Donald Trump has challenged the Christianity of Ted Cruz while also raising questions about the nature of Ben Carson's faith. In the past, he also suggested that President Obama might be a Muslim rather than a Christian. Now, the pope has questioned the Christianity of Trump.
It appears that what goes around, comes around.
Trump's immediate response was to call Pope Francis's comments "disgraceful" and to state that, "No leader, especially a religious leader, should have the right to question another man's religion or faith."
So, Trump can question the faith of others but the Pope cannot question his?
In defense of Trump, Jerry Falwell, Jr., has stated that, "I have no doubts that he is a man of faith, that he's a Christian."
Welcome to the 2016 version of the presidential race, representing reality TV at its most unscripted and bizarre.
Two serious questions, though, are begging to be asked.
First, according to the Bible, do we have the right to judge someone's profession of faith, let alone the mandate to?
Second, if we are called to judge, what are the criteria?
On the one hand, the Bible tells us repeatedly that only God knows the heart and in that sense, only He knows who belongs to Him and who doesn't. At the same time, the Bible repeatedly calls us to examine what a professing Christian believes and to evaluate how that person lives, to judge the tree by its fruit, as Jesus put it.
Using that criteria, we know, for example, that Richard Dawkins is not a Christian, since he denies the existence of God, the authority of Scripture, and the atoning death and bodily resurrection of Jesus. We also know that Osama bin Laden was not a Christian, since he was a radical Muslim and an unrepentant mass murderer.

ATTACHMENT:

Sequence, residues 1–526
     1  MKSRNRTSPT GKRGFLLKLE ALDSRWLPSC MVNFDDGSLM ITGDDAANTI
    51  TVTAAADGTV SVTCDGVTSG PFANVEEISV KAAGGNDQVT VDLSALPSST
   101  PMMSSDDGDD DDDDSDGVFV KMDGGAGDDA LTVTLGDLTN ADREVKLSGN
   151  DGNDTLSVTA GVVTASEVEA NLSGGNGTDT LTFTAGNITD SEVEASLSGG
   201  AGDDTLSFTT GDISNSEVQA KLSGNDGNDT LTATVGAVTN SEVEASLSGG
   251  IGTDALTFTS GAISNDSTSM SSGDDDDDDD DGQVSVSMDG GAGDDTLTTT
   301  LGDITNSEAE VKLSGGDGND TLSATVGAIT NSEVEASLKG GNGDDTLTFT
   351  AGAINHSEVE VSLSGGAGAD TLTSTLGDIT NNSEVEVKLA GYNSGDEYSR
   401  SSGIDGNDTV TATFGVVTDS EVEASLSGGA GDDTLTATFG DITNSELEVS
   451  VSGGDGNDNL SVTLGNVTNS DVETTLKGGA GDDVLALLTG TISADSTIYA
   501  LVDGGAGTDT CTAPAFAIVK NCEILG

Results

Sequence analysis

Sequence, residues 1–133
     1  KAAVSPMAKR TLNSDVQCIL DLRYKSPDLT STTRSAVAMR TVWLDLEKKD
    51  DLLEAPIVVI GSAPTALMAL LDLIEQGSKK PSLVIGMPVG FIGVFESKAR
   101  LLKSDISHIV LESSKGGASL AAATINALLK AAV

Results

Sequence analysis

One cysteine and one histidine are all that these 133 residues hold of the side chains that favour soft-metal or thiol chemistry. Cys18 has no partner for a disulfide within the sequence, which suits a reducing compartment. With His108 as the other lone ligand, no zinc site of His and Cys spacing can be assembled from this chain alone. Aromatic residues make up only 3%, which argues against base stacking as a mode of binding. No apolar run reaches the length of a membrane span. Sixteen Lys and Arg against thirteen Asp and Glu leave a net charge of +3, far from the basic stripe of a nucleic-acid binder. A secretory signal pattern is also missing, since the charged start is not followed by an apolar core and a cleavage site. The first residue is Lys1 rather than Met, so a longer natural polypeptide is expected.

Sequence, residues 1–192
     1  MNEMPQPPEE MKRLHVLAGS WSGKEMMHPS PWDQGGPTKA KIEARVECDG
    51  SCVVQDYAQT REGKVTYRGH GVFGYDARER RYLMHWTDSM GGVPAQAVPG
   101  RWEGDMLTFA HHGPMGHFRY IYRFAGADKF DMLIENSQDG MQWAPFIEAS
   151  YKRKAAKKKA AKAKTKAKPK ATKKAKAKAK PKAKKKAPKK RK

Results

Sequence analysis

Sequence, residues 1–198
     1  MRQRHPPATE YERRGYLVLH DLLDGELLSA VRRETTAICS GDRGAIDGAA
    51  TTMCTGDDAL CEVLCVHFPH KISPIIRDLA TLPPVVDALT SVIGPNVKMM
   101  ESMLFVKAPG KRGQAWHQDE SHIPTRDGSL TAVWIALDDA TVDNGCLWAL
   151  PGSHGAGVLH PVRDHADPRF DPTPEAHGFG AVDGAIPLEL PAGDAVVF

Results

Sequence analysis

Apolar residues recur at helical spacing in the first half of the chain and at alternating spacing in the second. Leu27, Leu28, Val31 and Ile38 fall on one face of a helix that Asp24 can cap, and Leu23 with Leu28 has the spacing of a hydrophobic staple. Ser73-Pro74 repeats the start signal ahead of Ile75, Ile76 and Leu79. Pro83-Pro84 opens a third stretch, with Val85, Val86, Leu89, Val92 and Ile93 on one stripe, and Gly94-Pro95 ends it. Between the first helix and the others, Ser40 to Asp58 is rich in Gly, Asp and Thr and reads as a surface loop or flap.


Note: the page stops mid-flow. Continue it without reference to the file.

In the same way, albeit in a much less extreme fashion, we know that our friendly next-door neighbors are not Christians when they demonstrate no understanding of their own sin, no recognition of their need for forgiveness, and no knowledge of who Jesus really is or why He died on the cross. And we can say this with certainty even if they attend church services every year at Easter and Christmas.
A Christian believes core Christian doctrines and lives a basic Christian lifestyle.
The Christian faith begins with an acknowledgement of our sin and a profession of faith in our Savior and is then evidenced by a godly life – not a perfect life, but a godly life. As Jesus said, "Not everyone who says to me, 'Lord, Lord,' will enter the kingdom of heaven, but the one who does the will of my Father who is in heaven." (Matt. 7:21)
James (Jacob) echoed this saying, "Show me your faith apart from your works, and I will show you my faith by my works" (James 2:18b).
In other words, talk is cheap. Let's see how you live.
That's why Paul could contrast the works of the flesh with the fruit of the Spirit (Galatians 5:17-23), adding, "And those who belong to Christ Jesus have crucified the flesh with its passions and desires" (Gal. 5:24).
That's why Paul could also state plainly that no adulterer or drunkard or practicing homosexual would enter God's kingdom (among other lifestyles; see 1 Corinthians 6:9-10; Ephesians 5:5-7; Galatians 5:17-21), also noting, "And such were some of you. But you were washed, you were sanctified, you were justified in the name of the Lord Jesus Christ and by the Spirit of our God" (1 Cor. 6:11).